JOHNSON CITY, TN (WJHL) – For the first time in several years the City of Johnson City actually had more money at the end of the year than leaders budgeted and the city manager hopes that means the economy is headed in the right direction.
According to Pete Peterson, an unexpected increase in tax collections and decrease in government spending led to a $2.5 million surplus for the fiscal year that just ended a few months ago.
Peterson says leaders plan on putting $1 million of that in the city’s fund balance (basically a savings account), using $750,000 to buy a new fire truck and public works equipment and the putting the remaining $700,000 in the city’s capital project’s fund for projects to be determined at a later date.
“I think this is a good indicator that the economy, at least last year, is coming back to where it was pre the Great Recession and that economic activity in the Tri-Cities and Johnson City in particular is on the incline,” Peterson said. “Hopefully things are looking up. It’s also a reflection of the fact that the commission has invested wisely in infrastructure and projects to make sure Johnson City is a much more attractive place to live, work, play and do your shopping.”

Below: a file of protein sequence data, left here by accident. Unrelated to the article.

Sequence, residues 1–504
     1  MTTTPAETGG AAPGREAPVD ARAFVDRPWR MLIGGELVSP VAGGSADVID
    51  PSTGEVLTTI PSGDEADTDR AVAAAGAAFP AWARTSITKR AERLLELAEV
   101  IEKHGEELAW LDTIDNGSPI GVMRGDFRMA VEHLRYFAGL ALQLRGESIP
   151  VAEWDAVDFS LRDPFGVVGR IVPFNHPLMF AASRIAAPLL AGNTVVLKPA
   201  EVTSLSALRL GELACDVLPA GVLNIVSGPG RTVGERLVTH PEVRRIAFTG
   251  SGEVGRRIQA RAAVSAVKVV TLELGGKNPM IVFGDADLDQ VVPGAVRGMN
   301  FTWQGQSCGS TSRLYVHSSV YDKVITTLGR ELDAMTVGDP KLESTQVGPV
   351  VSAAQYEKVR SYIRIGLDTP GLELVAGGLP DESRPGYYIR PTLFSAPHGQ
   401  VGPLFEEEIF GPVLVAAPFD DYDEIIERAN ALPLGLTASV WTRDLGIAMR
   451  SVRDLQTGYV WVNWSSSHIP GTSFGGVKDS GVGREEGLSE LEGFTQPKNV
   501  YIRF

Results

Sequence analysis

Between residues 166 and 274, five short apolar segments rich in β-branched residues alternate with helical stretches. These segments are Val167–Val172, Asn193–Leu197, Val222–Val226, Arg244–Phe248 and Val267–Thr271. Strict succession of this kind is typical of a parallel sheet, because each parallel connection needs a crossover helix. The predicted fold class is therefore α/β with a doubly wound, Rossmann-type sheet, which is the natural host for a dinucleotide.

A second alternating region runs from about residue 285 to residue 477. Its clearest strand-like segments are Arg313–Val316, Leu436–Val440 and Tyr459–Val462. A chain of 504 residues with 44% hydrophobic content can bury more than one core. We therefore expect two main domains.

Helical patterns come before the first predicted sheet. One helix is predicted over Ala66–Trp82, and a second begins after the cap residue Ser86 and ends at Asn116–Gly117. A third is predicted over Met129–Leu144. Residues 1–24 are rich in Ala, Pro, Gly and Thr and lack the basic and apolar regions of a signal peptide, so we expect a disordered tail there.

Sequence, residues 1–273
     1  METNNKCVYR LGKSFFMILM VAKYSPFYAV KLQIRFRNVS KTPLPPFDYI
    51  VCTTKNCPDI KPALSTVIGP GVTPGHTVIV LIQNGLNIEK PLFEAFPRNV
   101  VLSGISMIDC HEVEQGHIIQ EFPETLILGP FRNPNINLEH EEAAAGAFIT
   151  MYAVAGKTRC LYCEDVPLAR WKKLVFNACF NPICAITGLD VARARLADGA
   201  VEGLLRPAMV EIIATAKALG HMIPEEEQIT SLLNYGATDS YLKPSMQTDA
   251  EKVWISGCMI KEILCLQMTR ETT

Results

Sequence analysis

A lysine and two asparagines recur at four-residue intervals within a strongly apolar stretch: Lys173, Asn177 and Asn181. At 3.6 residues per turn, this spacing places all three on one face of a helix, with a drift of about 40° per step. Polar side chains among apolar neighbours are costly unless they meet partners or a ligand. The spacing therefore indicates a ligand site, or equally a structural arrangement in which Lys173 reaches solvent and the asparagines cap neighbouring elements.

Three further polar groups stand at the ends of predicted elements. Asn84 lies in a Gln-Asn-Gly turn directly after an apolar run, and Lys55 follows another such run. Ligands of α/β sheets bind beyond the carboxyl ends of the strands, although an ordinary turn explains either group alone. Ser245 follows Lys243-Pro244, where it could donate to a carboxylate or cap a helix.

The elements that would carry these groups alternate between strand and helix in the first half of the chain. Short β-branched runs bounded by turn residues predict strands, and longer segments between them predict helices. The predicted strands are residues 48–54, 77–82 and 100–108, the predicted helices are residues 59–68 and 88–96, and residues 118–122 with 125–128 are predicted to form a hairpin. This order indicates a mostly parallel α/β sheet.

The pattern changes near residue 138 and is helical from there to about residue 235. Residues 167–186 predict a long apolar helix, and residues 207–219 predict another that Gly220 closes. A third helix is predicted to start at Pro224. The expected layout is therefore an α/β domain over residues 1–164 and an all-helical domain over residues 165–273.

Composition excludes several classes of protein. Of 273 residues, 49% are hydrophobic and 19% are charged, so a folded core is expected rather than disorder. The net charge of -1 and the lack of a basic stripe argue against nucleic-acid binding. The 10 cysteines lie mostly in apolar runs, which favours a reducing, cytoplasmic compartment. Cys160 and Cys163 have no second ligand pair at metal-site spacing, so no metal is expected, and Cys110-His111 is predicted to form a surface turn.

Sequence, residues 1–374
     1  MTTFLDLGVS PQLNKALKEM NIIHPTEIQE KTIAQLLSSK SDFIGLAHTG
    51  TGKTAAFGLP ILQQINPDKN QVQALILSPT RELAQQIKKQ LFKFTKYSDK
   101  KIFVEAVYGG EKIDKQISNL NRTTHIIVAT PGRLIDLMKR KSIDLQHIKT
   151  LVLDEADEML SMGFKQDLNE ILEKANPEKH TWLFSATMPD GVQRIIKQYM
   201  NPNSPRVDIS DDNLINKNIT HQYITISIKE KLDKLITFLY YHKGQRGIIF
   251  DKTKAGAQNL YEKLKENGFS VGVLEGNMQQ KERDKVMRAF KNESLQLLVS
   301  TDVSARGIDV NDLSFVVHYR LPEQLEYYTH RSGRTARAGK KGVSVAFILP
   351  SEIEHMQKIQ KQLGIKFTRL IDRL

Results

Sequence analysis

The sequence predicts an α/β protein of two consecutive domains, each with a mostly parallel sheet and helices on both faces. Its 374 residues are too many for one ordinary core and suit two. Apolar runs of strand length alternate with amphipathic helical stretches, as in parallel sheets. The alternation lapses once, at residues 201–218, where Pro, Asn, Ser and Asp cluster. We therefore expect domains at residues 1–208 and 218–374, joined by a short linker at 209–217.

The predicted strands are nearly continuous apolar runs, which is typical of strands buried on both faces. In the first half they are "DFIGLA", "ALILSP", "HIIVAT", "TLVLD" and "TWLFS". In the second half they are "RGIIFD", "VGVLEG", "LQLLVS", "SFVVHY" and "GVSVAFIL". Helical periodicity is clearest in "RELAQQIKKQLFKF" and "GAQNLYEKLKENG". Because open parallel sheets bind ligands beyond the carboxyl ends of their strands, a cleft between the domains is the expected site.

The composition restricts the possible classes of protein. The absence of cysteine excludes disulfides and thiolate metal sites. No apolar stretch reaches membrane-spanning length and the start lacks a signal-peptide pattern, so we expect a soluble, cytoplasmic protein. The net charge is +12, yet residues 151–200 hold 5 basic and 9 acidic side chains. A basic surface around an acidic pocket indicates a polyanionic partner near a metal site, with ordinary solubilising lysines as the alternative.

According to Peterson, the surplus will help the city avoid having to borrow more money for some of its projects and avoid paying more interest in the process. In addition, he says having more money in the city’s fund balance will help the city save up so that leaders can avoid tax increases the next time the economy declines.
“It’s going to save us on making interest payments on some of the debt we’d normally issue and it also allows us to put money away in the bank for another rainy day,” Peterson said. “History is a great predictor of the future and there will be another rainy day coming and if we can put money away into our fund balance then it will prevent us from doing another tax increase during a period of down economic activity.”
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